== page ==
Meals on Wheels

Kogi serves up Korean/Mexican hybrid eats from the mobile trappings of a Los Angeles staple — the taco truck

By Rebecca U. Cho
Photographs by Eric Sueyoshi

On a chilly night in December, a nondescript truck pulls up to a dark corner. At first glance, the boxy vehicle is hard to distinguish from the hundreds of other taco trucks dotting the urban landscape of Los Angeles, apart from a fiery insignia emblazoned across its side.


But curiously, as an eager crowd presses forward, the drool-inducing smell of Mexican chilies begins to mingle with the delicious aroma of Korean barbecue. These hungry city dwellers are here to meet Kogi, a culinary experiment that has taken the L.A. food scene by storm.

As the truck’s window slides open, signaling the start of business for the night, the first customer in line rapidly lists his order: “One Korean barbecue taco, one pork taco and a special.”

Clearly, this is something different. The mobile sensation serves up tacos and burritos filled not with carne asada, pinto beans and guacamole, but with galbi, bulgeogi and other Korean-style meats.

Inside the truck, chef Roy Choi is oblivious to the cold, his mind set on just one thing — creating heat. He drenches the tacos with his version of salsa roja, a blend of gochujang, or red pepper paste, sesame oil, and Mexican chilies. Then he buries his hands in a bowl of crisp Asian salad, tossing the cabbage in vinaigrette. Meat sizzles at his elbow.


“Nice prep, you guys,” Choi says to the three-person team that is rapidly chopping and grilling in the tight mobile kitchen. His voice is low and calm and laced with excitement for the pending night.

Outside, Rob Burnett, a 32-year-old television commercial producer who lives in the Los Feliz district, sits with his girlfriend. “I’ve never had Korean food off a taco truck before,” he says, noting that he sometimes finds traditional Korean restaurants intimidating. He says he found out about Kogi online and, struck by curiosity, drove in search of the truck.

The internet has been a key component to the success of this quirky restaurant on wheels. Kogi’s small crew of seven keeps in close communication with its followers through its website and gives real-time updates on the truck’s whereabouts through the social messaging tool Twitter.

“On our way to Ivar and Sunset. 5 min,” reads one update.

“Out here @ The Brig. 2nite’s Specials – Korean Mole and Kimchi Quesadilla,” reads another.

Within two weeks of its November 2008 launch, the mysterious white truck making its rounds outside the Hollywood clubs and Westwood became a food blogging sensation. Enthusiastic reviews were splashed across websites such as Eater LA, LAist and Word spread through Facebook and other social networking avenues.

The evidence of Kogi’s rapid rise in popularity staggered even its founder, Mark Manguera, a former five-star hotel manager and graduate of the California Culinary Academy, Le Cordon Bleu Program, in San Francisco. On one night, shortly after the business launched, Kogi pulled up to the UCLA campus to find hundreds of people waiting in line. The wait for a taco that night was an hour-and-a-half.

“We sold out in one hour,” says Manguera, 30. “We went to get more food, came back, and sold out again.”

The idea for Kogi came to Manguera after a late-night taco run with his sister-in-law.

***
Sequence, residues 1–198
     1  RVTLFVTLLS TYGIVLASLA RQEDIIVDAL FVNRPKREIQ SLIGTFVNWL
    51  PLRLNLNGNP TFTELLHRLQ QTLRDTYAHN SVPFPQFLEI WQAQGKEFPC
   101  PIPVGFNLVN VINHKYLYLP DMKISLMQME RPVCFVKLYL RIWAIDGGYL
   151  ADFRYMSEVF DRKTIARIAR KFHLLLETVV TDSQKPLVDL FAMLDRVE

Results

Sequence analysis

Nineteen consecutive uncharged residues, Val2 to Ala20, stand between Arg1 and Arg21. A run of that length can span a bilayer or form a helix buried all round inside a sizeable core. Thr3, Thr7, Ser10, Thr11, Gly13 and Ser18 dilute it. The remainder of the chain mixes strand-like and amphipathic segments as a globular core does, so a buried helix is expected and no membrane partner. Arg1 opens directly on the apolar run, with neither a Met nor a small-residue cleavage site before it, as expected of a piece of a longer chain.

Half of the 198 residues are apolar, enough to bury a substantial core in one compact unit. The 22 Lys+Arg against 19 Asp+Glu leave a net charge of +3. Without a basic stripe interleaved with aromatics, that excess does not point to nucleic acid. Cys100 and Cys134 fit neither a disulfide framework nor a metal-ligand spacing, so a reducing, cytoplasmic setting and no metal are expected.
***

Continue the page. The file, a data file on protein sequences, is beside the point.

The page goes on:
“I said, ‘Wouldn’t it be great if someone took bulgeogi and put it in a taco?’ I was coming back from a buzz,” he explains.


The next morning, Manguera began forming the talented team. His wife, Caroline, a hotel catering and conference services manager, came on board as the financial leg of the operation. Next, Manguera arranged a coffee meeting with Choi, a decorated chef and old friend of his from the days when he worked at the Beverly Hilton. Choi, 38, graduated from the Culinary Institute of America, worked in some of the top restaurants in the United States, including Le Bernardin in New York, and trained under Iron Chef Rokusaburo Michiba. He recently left his job at Rock Sugar Pan-Asian Kitchen in the Century City Mall, a restaurant he helped open.

During the first month of operation, the culinary duo parked the truck on Ivar Street in Hollywood, satisfying famished clubgoers. A tip from one of Kogi’s customers led them to UCLA. They soon expanded their routes to street-food friendly Venice Beach as well as Los Feliz and Silverlake.

Each day at 1 p.m., Choi and Manguera shop for fresh ingredients, visiting the wholesale markets in downtown L.A. for produce and buying meat from a purveyor. For more than two hours, they prep the truck. Choi gets creative with the specials, which have included spicy Korean chicken mole, a mix of gochujang and chocolate, and vegan sesame leaf taco with Asian pear and pomegranate. Each night, Kogi serves an average of 500 people and 100 pounds of meat.


For Choi, Kogi became an exciting vehicle for him to connect with the people who eat his food.

“There’s a purity to it,” Choi says. “I’m bringing food directly to the people. I give only the best of what I’ve got. If I run out, that’s it. I drive away.”

Last December, the team watched their Korean taco truck evolve into an in-demand caterer. They’ve catered holiday parties for Sony Pictures and The Brig, a popular Venice Beach bar, where Kogi parks three nights a week. Kogi also began talks with MySpace to regularly park outside its corporate headquarters in Beverly Hills for lunch. This month, a second taco truck will make its way to the streets.

Whether Kogi is a hot young fad or a permanent fixture in the L.A. food scene remains to be seen. Members of the team admit they are making up the business plan on a day-to-day basis. But no matter how long the run, there will be no regrets.

“If it all stops now, and everything dissolves, I’m happy for what we did,” Choi says. “People responded and came in droves. How can you regret that?”